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Iroquois

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Iroquois

The Iroquois first flew in 1956 and is still in use by some air forces (such as New Zealand's, although it is currently being replaced and that process should be complete by 2013) over 55 years later! Of course the basic design has been changed a lot since then and there are a huge number of variants of the original model.

Iroquois

A demonstration at the air show involved some troops being transported to a position marked with the green smoke you can still see a small amount of in the foreground.

Iroquois

This demonstration involved a New Zealand light armoured vehicle (LAV). The LAV is not a true tank but is capable or being driven at up to 100 kilometers per hour on standard roads. The New Zealand Army has 105 of vehicles which are built by General Motors Defense, Canada.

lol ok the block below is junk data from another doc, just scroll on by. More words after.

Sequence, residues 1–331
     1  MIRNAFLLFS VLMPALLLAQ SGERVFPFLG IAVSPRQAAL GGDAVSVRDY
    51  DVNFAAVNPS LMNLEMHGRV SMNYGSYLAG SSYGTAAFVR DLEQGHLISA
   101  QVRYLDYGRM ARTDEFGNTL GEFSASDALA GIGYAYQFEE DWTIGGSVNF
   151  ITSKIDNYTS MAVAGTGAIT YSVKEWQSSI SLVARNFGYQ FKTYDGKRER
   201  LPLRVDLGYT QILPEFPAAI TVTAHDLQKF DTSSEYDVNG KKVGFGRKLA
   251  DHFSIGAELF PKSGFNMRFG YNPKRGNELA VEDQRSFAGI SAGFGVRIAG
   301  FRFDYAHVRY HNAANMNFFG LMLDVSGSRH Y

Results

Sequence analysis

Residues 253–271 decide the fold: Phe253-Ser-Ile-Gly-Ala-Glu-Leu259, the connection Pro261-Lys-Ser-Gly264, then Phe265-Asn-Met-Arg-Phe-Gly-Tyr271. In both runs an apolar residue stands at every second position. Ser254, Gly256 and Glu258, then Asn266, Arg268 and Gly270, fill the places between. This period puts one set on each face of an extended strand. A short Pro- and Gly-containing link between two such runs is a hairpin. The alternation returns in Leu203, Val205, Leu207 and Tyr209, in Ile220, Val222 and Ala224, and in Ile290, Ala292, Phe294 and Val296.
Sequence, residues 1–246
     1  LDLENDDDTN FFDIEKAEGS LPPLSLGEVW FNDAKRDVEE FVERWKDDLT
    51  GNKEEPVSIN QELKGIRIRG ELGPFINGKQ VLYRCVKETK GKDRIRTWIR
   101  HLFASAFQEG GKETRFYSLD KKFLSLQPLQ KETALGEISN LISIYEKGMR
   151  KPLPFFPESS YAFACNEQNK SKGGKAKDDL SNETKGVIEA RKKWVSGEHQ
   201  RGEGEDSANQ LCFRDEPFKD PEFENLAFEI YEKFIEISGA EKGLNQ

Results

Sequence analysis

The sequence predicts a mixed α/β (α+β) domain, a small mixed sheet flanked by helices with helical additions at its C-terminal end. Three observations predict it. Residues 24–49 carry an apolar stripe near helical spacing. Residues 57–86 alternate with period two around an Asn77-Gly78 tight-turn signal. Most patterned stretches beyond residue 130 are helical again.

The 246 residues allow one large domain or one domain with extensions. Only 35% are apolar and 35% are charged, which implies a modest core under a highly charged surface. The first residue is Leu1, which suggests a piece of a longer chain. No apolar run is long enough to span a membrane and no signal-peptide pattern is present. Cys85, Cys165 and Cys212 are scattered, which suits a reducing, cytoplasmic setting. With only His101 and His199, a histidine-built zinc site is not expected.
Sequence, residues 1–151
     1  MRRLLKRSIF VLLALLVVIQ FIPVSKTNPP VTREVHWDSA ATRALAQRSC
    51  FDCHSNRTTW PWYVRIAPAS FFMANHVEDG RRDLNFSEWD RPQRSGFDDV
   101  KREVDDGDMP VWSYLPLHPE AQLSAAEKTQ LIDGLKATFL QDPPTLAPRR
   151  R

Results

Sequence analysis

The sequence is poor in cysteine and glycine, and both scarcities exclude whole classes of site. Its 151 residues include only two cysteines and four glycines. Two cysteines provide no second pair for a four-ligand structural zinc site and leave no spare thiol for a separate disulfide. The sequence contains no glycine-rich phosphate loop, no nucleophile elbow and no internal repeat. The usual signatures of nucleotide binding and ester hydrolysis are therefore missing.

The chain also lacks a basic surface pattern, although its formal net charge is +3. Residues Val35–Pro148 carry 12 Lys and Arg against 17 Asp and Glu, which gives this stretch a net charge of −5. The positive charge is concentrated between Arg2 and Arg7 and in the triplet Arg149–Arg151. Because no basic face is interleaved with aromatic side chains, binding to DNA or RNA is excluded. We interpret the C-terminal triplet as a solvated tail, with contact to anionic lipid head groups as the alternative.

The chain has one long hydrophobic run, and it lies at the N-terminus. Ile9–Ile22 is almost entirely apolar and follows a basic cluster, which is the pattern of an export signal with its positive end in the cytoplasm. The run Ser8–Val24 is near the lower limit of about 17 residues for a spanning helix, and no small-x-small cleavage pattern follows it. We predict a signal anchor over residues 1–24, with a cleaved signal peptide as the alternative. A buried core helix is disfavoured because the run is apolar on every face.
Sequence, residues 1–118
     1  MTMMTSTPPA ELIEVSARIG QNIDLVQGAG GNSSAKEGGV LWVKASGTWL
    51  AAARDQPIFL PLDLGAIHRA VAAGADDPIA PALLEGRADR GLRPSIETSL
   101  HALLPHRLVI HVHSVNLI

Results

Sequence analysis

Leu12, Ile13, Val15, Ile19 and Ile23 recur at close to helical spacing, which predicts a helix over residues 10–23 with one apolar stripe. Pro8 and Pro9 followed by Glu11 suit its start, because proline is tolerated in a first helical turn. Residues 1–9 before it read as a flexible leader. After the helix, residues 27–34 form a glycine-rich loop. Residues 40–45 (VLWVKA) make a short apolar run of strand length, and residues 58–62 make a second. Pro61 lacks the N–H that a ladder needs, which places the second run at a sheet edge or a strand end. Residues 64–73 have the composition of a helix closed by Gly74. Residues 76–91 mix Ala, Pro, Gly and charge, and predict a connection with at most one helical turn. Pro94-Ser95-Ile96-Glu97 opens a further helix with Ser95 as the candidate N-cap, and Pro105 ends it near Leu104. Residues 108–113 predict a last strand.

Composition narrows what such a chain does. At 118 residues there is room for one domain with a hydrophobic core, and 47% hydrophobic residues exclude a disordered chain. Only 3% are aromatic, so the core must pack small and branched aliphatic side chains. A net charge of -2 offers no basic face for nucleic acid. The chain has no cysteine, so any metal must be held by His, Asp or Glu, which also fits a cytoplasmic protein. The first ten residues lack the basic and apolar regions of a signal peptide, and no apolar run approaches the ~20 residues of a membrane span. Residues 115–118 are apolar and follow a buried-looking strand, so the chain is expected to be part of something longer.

RNZAF Iroquois Specs:
Power plant: One Lycoming T53-L13B engine(1,400 shp derated through the transmission to 1100 shp)
Length: 17.27m (57ft) with rotors turning
Width: 2.8m (9ft 3in) fuselage
Height: 4.4m (14ft 4in) fuselage
Basic weight: 2,600kgs (5,800lbs)
Gross weight: 4,300kgs (9,500lbs)
Max underslung load: 1,045kgs (2,500lbs)
Cruising speed: 195km/h (105kts)
Typical performance: Max range of 370km (200NM), 682km (370NM) with auxiliary fuel tank
Crew...
Two pilots, one helicopter crewman (Normal Ops)
Two pilots, one helicopter crewman, one crewman or gunner (Tactical Ops)
Two pilots, 2 helicopter crewmen (Night Vision Ops)

Sources: Wikipedia, RNZAF, Warbirds Over Wanaka 2012 Programme.


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